The US Securities and Exchange Commission (SEC) has officially rejected requests to list nine cryptocurrency funds, dealing a blow to the digital currency enthusiasts who lobbied hard for the ETFs.
The decision was not particularly surprising – the SEC has cited concerns about market surveillance and manipulation for as long as they have been dealing with cryptocurrency, encouraging exchanges to minimize the risks investors face in an unregulated market. Hester Peirce, an SEC commissioner, promised a review of the decision, but a reversal remains unlikely.
ProShare Capital Management, GraniteShares Advisors, and Direxion Asset Management sponsored the nine ETFs, whose requests had been pending since December and January and were denied in advance of a hard deadline. According to Bloomberg, all nine funds “sought to use futures contracts to get exposure”; several also “[planned] to short Bitcoin.”
The SEC is under pressure to set standards in what until recently amounted to an investing ‘Wild West.’ Investors who bought-in at $20,000, around the peak of last year’s crypto boom, were certainly not pleased when the market dipped to around $6,000 – the neighborhood in which prices have stayed for most of the year.
While regulatory strides have been made, the threat of manipulation remains omnipresent. Chris Matta, co-founder at Crescent Crypto Asset Management, told Bloomberg that small markets and low volumes on some exchanges increase the odds for manipulation. “That’s [the SEC’s] major concern,” he said. “Without having any sort of regulatory body stepping in and policing people doing that, it’s always a possibility.”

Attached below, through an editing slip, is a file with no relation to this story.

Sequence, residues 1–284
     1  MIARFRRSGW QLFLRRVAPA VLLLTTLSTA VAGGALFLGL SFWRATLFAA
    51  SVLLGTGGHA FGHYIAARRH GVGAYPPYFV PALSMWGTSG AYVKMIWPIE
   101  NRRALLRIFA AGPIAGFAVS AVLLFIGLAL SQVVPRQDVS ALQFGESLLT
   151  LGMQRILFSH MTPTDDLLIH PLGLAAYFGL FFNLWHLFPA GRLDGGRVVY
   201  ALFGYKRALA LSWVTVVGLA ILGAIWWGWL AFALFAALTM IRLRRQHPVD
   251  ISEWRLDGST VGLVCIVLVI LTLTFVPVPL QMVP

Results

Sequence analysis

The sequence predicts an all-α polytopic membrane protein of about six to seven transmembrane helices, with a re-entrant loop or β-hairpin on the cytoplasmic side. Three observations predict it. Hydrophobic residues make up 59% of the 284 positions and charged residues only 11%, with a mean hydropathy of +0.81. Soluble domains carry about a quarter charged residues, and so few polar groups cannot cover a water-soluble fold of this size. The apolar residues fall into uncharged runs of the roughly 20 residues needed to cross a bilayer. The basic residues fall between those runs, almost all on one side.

But hope remains for cryptocurrency proponents. Peirce said in an interview that she is not opposed to the idea of a bitcoin ETF. Commenting specifically on a proposed fund run by crypto godheads Tyler and Cameron Winklevoss, Peirce said funds “would allow institutions to play a bigger role in the Bitcoin market, which I think would be good for the market and be good for retail investors as well.”
Peirce was the lone vote in favor of the fund, with the other three commissioners voting against it. While the agency declined to comment beyond orders posted after the decision, the documents say that “disapproval does not rest on an evaluation of whether Bitcoin, or blockchain technology more generally, has utility or value as an innovation or an investment.”
Investors will wait and hope for future positive rulings. One ETF from VanEck Associates Corp. and SolidX Partners Inc. still awaits a decision – the SEC postponed the initial ruling until this month and could wait until February to rule. Even if it were approved, that product is not the kind of accessible-to-the-masses fund that some investors are clamoring for, with features like a high minimum share price designed specifically to discourage use for that purpose. Until ETF issuers prove market integrity, verdicts from the SEC will likely remain the same.
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